On the TV show Sex and the City, Mr. Big, played by actor Chris Noth, seduced Carrie Bradshaw with wine. But these days, the actor is bonding with the boys in between sips: Noth is the guest on episode two of "Character," the new WebTV talk show by Australian wine producer Penfolds, on which he was joined by Matt Lane, sommelier from Penfolds' Magill Estate restaurant, and TV personality Glenn O'Brien. The 20-minute, unscripted show aims to attract consumers to wine "in a new and engaging way," according to a spokesperson, and the trio tastes and chats about Penfolds Bin 51 Eden Valley Riesling 2006, Yattarna Chardonnay 2004, Bin 389 Cabernet Sauvignon 1993 and St. Henri Shiraz 2002. "I like to have the real thing in my glass," remarks Noth, griping that actual wine is seldom used on movie sets. Could the forthcoming Sex and the City film, in which Noth is expected to reprise Mr. Big, be an exception? Perhaps, especially if Noth has a say: "There's always a rainbow at the end of the glass if you keep looking." Obviously, Noth likes a little cheese with his wine.
• Want to stop crime? All it takes is wine. Last week, the media ran wild with a story from the Washington Post, which reported that a would-be robber entered the backyard of a Capitol Hill-area home, where an outdoor dinner was just winding down. The robber pulled a gun and threatened to start shooting if he wasn't given money. Instead, one of the guests offered him a sip of Château Malescot St.-Exupéry, which he accepted and said, "Damn, that's good wine." After another sip or two and a bite of cheese, the robber settled for a group hug instead of money, and left peacefully. Jean Luc Zuger, who makes the wine, was understandably pleased with the coverage as well as the good outcome, so Unfiltered asked him what would have happened had the hosts been serving a different Margaux wine. "I hope he would have the same reaction!" Zuger said, but he didn't seem to go for Unfiltered's idea of selling more Malescot St.-Exupéry in high-crime areas to make the world a little more peaceful. At the very least, we've learned that instead of that expensive ADT home-protection system we were thinking of installing, a bottle of Malescot will work just as well at keeping the family safe.
• Over 21? Like wine? Want to support the Second Amendment? The NRA Wine Club--yes, that's the National Rifle Association--may be just what you're looking for. The club, which was the brainchild of Mike Marcellin, a longtime NRA employee and wine lover, donates a portion of its proceeds directly to the NRA. Members of the NRA Wine Club can shop online for a selection of recent vintage boutique wines handpicked for club members. There are even variety packs, such as the Big Ass Sampler 2007, which includes one bottle each of Chardonnay, Cabernet Sauvignon and Zinfandel for $32; or for that budding summer romance, try the Italian Spring Fling Sampler and receive two sweet sparkling wines for only $25. Spend $500 total and you can even get a rebate that pays for your NRA membership. To supply the wines, the club partnered with Vinesse, a company that runs several online wine clubs, and since its launch in January 2007, the NRA Wine Club appears to have garnered some success. "'It's about time' is a common thread from new wine-club members," said Nick Perdiew, general manager for Vinesse. "Admittedly, some reactions outside the NRA have been a little surprised at the nexus of wine interest and NRA membership." We're not surprised; we think they want to shoot the empty bottles.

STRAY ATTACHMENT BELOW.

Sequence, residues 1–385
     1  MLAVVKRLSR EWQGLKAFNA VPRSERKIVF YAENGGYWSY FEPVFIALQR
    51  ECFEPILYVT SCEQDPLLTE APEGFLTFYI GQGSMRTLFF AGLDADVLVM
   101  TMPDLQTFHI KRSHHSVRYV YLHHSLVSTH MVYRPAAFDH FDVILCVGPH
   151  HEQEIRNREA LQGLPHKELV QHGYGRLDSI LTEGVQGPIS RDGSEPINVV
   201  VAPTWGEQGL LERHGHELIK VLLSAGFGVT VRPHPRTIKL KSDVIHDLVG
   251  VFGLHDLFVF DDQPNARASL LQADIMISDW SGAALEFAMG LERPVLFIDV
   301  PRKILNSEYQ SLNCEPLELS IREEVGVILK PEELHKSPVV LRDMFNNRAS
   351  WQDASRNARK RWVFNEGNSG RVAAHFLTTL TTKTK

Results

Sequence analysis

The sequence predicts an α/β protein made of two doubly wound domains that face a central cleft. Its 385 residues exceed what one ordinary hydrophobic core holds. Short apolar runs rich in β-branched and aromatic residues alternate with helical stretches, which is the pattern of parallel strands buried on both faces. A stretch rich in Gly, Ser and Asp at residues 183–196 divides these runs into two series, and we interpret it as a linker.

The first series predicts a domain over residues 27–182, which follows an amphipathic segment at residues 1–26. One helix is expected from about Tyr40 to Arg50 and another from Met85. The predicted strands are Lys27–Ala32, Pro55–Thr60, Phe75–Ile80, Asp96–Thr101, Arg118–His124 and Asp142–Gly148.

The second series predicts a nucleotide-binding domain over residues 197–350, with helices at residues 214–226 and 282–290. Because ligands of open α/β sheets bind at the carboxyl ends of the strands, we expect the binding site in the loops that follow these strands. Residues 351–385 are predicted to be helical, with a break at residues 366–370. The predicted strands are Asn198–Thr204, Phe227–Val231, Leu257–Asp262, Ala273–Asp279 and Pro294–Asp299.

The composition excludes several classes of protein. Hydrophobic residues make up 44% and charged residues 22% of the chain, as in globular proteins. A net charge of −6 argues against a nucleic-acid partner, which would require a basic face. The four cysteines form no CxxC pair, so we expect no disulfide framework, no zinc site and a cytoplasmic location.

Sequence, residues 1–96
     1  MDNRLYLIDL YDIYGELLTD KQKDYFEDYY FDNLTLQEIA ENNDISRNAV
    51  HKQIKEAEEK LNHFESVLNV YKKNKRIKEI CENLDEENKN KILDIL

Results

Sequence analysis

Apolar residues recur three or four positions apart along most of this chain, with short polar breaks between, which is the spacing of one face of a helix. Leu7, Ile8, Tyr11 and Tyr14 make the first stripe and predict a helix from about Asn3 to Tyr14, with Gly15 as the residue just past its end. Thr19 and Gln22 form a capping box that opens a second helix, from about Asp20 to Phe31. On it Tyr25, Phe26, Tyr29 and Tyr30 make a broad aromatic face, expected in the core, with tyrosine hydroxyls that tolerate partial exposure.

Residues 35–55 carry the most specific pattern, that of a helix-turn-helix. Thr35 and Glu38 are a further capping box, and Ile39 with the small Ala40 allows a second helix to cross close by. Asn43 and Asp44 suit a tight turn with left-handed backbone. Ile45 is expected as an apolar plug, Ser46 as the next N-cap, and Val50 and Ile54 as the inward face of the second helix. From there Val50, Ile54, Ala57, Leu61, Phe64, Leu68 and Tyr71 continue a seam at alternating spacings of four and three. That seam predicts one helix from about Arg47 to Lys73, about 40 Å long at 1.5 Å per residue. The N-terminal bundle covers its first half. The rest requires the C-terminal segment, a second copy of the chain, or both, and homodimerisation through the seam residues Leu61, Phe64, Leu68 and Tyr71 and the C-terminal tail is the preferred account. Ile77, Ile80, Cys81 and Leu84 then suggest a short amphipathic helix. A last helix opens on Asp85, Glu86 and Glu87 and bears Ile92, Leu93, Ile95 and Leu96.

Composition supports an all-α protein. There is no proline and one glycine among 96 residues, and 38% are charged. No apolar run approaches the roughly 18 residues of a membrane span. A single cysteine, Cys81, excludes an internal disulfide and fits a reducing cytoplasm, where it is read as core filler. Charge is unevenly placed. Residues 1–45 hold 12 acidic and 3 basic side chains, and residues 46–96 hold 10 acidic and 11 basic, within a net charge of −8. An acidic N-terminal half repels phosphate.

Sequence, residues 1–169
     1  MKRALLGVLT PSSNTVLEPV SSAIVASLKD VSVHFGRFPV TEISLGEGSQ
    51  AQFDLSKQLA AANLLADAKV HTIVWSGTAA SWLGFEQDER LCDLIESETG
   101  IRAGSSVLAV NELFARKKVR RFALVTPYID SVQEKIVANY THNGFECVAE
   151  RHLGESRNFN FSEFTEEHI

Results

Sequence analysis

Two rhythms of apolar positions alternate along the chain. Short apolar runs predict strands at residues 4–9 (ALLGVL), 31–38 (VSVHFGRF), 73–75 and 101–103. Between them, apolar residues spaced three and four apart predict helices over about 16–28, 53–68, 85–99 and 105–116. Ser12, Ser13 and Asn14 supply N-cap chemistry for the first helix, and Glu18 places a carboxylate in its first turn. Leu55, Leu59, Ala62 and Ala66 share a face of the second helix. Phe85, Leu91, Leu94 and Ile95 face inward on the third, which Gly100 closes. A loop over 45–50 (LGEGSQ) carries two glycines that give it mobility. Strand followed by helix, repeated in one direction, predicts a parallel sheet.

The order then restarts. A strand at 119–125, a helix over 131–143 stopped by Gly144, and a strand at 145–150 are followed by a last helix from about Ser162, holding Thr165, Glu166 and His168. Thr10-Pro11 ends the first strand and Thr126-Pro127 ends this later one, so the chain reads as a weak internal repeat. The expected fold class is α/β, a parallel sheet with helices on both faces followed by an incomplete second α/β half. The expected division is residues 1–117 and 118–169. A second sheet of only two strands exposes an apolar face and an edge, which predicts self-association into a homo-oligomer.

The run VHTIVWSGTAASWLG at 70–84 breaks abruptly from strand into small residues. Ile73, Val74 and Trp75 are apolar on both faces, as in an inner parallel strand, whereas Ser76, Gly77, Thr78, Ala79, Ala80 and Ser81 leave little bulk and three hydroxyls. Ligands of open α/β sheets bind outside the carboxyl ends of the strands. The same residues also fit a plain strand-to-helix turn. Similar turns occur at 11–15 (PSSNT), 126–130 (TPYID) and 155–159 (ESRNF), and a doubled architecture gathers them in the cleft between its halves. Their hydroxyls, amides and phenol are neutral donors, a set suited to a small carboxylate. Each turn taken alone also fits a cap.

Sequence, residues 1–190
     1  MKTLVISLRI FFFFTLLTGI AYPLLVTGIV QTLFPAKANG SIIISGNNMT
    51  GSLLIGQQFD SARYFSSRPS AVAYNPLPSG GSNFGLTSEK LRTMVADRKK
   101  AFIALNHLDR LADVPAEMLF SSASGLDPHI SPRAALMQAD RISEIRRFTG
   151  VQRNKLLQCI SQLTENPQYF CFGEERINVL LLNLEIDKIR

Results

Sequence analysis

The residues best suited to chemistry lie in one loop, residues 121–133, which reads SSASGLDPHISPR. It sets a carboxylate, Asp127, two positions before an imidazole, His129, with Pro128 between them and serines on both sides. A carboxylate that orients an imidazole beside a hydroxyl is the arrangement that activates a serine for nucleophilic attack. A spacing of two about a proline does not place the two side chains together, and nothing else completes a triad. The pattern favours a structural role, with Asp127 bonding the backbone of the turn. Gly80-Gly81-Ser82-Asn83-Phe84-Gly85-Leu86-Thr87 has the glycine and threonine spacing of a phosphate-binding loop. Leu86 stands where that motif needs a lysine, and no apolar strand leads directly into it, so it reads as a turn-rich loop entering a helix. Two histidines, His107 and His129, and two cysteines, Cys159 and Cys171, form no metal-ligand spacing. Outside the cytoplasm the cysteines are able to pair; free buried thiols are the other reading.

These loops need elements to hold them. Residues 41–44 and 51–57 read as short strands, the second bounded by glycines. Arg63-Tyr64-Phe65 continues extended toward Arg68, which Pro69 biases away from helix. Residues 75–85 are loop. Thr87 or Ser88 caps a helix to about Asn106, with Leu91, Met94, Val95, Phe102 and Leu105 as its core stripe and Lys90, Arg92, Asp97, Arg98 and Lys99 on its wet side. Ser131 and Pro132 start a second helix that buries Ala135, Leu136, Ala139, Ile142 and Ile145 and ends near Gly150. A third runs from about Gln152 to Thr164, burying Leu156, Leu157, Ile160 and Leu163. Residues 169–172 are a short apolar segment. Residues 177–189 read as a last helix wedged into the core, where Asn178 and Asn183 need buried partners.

• Kudos to student winemakers at California State University, Fresno. Their wines make a debut this month at Trader Joe's, the retailer best known for hawking the ever-popular Two-Buck Chuck. Three student-made wines--a Special Selection Merlot ($5) blended exclusively for Trader Joe's; a 2006 San Joaquin County Pinot Gris ($7); and a Rhône blend called Eclipse ($6)--are now on the shelves of Trader Joe's stores in Fresno, Modesto and nearby Clovis, all in California's Central Valley. The student winery, bonded in 1997, is the first and only licensed, bonded commercial winery on a university campus in the United States. Not to worry, though, the students don't take all the money you spend on their wine and use it to buy kegs of beer. Proceeds from the sale of the wines are plowed back into the department of viticulture and enology at Fresno State.
• The latest buzz in Hungary's Tokaj wine region? Not a new wine, sadly. It's a proposal to build a power plant nearby. A consortium of local growers, called the Tokaj Renaissance, is working to stop construction of the coal-fired plant, which will be located 12 miles from vineyards in northeastern Hungary, across the border in Slovakia. The Tokaj growers claim the plant will pollute the area's microclimate and threaten the noble rot essential for giving wines such as Tokaji Aszú their unique flavors and sweetness. Also, say producers, a power plant would just be plain ugly. "Tokaj is a beautiful wine region, one of the oldest in the world, and very well preserved, and it is also classified as a UNESCO World Heritage site," said Rita Rakaczki, deputy ambassador for the Tokaj Renaissance. "This power station would be seen from many parts of the vineyards." Rakaczki also wonders why Slovakia chose the proposed location. "If it would be in the middle of a coal field, it would be more understandable, but it is not; the coal will arrive from somewhere, probably from Russia." Rakaczki said she has the full support of not just grapegrowers, but also of the Hungarian government. And lest you think the odds are stacked against them, the Tokaj Renaissance has a winning record. In 2000 the organization successfully lobbied to have a car-battery disassembling factory moved to the south of the country, far away from Tokaj.
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